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Neolamprologus buescheri
by Brett Harrington (aka Fogelhund)
Neolamprologus buescheriThe Neolamprologus buescheri is a small and beautiful fish, and has long been one of my favourite fishes. There hasnít been a time over the past 15 years that I didnít have some in one of my aquariums. I have kept and bred the buescheri from Kachese and from Gombe. I currently am keeping a pair of Gombeís of which you shall see in the majority of the pictures here, with the exception of the picture of the fish from Cape Kachese credited to Ad Konings.

Perhaps by taking a look at this fish in depth a bit more, learning about its natural habitat, and some tips on how Iíve successfully maintained and spawned this fish over the years.

Location:

The buescheri is a southern fish, primarily found in Zambia and the Congo. The Ďtypeí location is at Cape Kachese as pictured below.

At the present time, there are seven known distinct geographical variations of buescheri.

These are:
  1. Cape Kachese

  2. Chituta/Gombe

  3. Isanga

  4. Chaitika

  5. Moliro

  6. Tembwe II

  7. Kamakonde
Kachese Neo. buescheri

There is an interesting French language article, and pictures of many of these locations at Eric Genevelle's Web site.

Habitat:

The buescheri is found between 15 and 40 meters deep along cliffs and very rocky areas. They live in the crevices, cracks in the rocks, and amongst the fallen rocks at the bottom of the cliffs. Often their habitat is in very oxygen poor areas.

Diet:

Carnivorous; eating crustaceans and insect larvae.

Maintenance in the Aquarium:

The buescheri is a fish, that popular opinion will tell you is a very aggressive fish to both its own kind, and those of the fish around it, it is incredibly hard to pair up, and hard to spawn. This has not been my experience at all.

First, a bit about the tanks Iíve kept and spawned the Neolamprologus buescheri in. Iíve always maintained them in tanks of 65 gallons or larger, with sand bottoms, heavily rocked, and heavily planted.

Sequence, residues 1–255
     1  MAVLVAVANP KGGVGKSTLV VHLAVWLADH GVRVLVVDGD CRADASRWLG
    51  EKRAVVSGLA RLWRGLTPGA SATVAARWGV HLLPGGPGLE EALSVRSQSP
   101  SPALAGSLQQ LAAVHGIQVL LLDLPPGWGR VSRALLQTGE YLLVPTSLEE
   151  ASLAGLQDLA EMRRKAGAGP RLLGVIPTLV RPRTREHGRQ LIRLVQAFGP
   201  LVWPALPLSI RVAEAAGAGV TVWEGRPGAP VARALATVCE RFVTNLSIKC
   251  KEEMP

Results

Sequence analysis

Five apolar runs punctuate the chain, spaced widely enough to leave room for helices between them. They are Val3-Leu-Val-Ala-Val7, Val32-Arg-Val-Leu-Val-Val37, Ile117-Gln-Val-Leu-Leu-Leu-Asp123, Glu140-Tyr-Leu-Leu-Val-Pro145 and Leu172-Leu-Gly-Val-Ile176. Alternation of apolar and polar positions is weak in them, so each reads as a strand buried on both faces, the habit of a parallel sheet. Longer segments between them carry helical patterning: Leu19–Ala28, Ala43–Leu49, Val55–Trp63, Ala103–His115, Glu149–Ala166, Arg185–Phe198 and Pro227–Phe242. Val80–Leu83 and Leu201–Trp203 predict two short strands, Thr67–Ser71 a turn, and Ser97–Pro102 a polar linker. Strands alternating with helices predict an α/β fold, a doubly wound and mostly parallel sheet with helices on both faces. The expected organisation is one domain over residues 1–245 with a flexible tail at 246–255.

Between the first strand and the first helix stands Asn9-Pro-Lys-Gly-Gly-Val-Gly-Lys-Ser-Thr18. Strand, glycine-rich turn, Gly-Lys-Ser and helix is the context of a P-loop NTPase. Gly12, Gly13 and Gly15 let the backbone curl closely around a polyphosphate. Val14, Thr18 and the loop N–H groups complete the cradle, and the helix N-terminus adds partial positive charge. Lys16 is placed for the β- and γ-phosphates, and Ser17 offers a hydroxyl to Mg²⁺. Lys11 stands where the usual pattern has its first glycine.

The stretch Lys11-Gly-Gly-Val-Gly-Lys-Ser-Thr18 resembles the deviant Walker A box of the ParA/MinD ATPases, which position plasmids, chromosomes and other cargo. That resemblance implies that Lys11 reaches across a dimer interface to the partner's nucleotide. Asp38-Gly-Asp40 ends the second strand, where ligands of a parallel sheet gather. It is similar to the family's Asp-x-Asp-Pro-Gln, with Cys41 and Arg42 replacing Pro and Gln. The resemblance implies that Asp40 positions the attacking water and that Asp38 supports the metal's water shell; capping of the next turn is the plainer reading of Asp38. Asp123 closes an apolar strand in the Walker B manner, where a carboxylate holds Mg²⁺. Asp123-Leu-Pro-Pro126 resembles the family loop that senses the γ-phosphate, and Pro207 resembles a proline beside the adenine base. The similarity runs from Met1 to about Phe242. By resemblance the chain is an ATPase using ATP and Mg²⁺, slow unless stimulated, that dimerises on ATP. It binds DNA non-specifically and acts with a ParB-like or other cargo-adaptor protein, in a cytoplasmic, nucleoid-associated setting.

Aquascaping for Neolamprologus buescheriOne of what I believe to be prime reasons for success with these fish, is building the proper aquascape for them. Being a fish that lives naturally in the deeper crevices and rocks, it is a fish that is used to subdued lighting conditions, and having places to hide. In all instances, I have built their caves using a flat slate or shale rock, with the preferred caves being no higher then 2cm. The present arrangement is six caves high, not by design mind you, as four or more should do, but it is important to provide multiple levels of rockwork.

With the proper territory developed, a pair of buescheri will never range beyond their rocks, except at feeding time, even then, only darting out to grab some food to be consumed in their rocks.

The tanks have never been heavily populated, and with a combination of few fish, and many plants, the need for water changes is usually minimal. (about every two to three months) Given their deep-water habitat, where the water flow is minimal, I believe that stable water conditions are the second most important factor in the success of keeping, and breeding the Neolamprologus buescheri.

My aquarium with Neolamprologus buescheri

I hear much about the minimum ph requirements of these fish being above 8.5. My water hovers in the 8.0 +/- .2 range, though admittedly I only test about every five years. I do believe the success of buescheri is more due to providing the correct aquascape, and stable water conditions, then an exacting high ph. This is only coming from my experience alone though.

The buescheri is not a prolific fish by any means. Most reported spawns see yields of 3 to 7 green eggs, although I have heard of single spawns in the twenties. The fry are very well protected, and will not stray from the territory of the parents at all. Typically, unless you look very hard, with flashlight in hand, you will not see fry until they are about 2 months old, at about 5mm. From there, the fry are very slow growing, even by most standards, save that of Altolamprologus. Multiple generations of spawns are tolerated, and I have never had a loss of smaller fry from the predation of older siblings. I have noted that male fry are driven away from the territory around 4.5cm, and females around 6cm. In all cases it is the male that drives away the fry, and he will do so without abandon.

I have never found buescheri, including any wild caught individuals that I have kept, to be picky of their diet. They will readily accept flake food, pellets. They do of course prefer mysis shrimps, brine shrimp, krill and other shrimps.

I have kept them in tanks with Altolamprologus calvus, Neolamprologus pectoralis, Neolamprologus leleupi, Neolamp-rologus nigriventris, Neolamprologus multifasciatus, Neolamp-rologus caudopunctatus, Julidiochromis transcriptus "Gombe", Cyprichromis leptosoma "Utinta", Neolamprologus pulcher "Daffodil", Telmatochromis bifrenatus and a host of other barbs, tetras, rainbow fish and live bearers. They should get along quite well with most small to medium sized lamprologines, given enough correct territories for the inhabitants.

If you get a chance to try these fish, I think youíll be well rewarded, it certainly is a fish Iíve enjoyed keeping. □



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